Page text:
Appendix: Updating from YellowDog 2.3 (Dayton) to 3.0 (Sirius)

Here's how to update Yellow Dog Linux from 2.3 (Dayton) to 3.0 (Sirius). This assumes being done just after finishing the base install (ie: very few packages installed)

If we are running X (the following is based on the "base" install, so we probably aren't), switch to text mode (/sbin/init 3). We assume we have some network access, the fatter the better. We are going to download some packages manually, so check that you're able to do that. Some console-based download tool like ncftp (ftp) or lynx (http) might come handy.

Note for the following: If you get errors from rpm that are not noted here, you can always do an

rm -f /var/lib/rpm/__* ; rpm --rebuilddb
This repairs the rpm database in most cases.

First, ensure that we are running latest versions of all software. This may not be necessary, but whatever.

apt-get update; apt-get dist-upgrade 
Now we change /etc/apt/sources.list to include repositories for 3.0 Note that there are only three repositories for 3.0: base, main, update. Fire up your favourite editor (at least vi should be installed) and update the file. A working sources.list may look like like this:
rpm 3.0 base main update
rpm-src 3.0 base main update
Now let's update the package list and check how far-fetched a complete dist-upgrade is:
apt-get update
apt-get -s dist-upgrade  
Woha! Lots of errors there. Let's resolve the worst of them. Start with removing lots of packages. Note that after this, we can't read man pages.
rpm -e kudzu kernel-pcmcia-cs rpm-python yup yi pspell aspell groff man
What's status now?
apt-get -s dist-upgrade again
Still errors, and quite unresolvable. We have to take some more low-level action. The really pain is to get a new version of rpm installed, so let's start with that. Manually download the following packages:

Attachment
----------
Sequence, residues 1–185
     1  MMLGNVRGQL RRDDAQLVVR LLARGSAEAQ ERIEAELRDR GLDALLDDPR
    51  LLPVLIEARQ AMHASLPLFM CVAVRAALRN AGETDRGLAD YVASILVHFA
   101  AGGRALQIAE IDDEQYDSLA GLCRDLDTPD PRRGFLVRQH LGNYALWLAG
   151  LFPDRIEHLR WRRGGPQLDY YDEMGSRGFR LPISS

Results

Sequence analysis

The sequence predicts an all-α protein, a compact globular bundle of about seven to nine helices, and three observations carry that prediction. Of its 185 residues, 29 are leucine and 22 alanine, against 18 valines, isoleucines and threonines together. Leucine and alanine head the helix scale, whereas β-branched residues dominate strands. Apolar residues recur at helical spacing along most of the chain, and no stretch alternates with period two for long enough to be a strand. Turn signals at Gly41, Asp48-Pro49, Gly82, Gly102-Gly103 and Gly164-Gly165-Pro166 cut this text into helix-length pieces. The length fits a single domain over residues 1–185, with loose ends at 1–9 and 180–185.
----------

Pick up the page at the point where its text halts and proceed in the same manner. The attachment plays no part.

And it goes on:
We don't have use for apt for a while, so let's just remove it:
rpm -e apt
So far, so good. Now, let's upgrade glibc and rpm. This is the most critical part. If we succeed in this, the rest is simple. If we get this wrong, a reinstall may be the only solution. rpm has some dependencies, so we have to include them now.
rpm -Uvh glibc-common-2.3.1-51a.ppc.rpm \ 
         glibc-2.3.1-51a.ppc.rpm        \
         libelf-0.8.2-2.ppc.rpm         \
         popt-1.7-9d.ppc.rpm            \
         rpm-4.1-9d.ppc.rpm             \
If your setup is like mine, we're stuck with the following unresolvable error:
rpmlib(PartialHardlinkSets) <= 4.0.4-1 is needed by glibc-common-2.3.1-51a
This seems to be a problem overseen by the packagers of YellowDog (and to be honest, I think they inherited this error from RedHat), so we just ignore it, use some force, and hope this won't bite us later.
rpm -Uvh --nodeps --force glibc-2.3.1-51a.ppc.rpm                \
                          glibc-common-2.3.1-51a.ppc.rpm         \
                          libelf-0.8.2-2.ppc.rpm                 \
                          popt-1.7-9d.ppc.rpm                    \
                          rpm-4.1-9d.ppc.rpm                     \
Uh-oh. Ugly errors from rpm. Let's check if the rpm database still works.
rpm -qa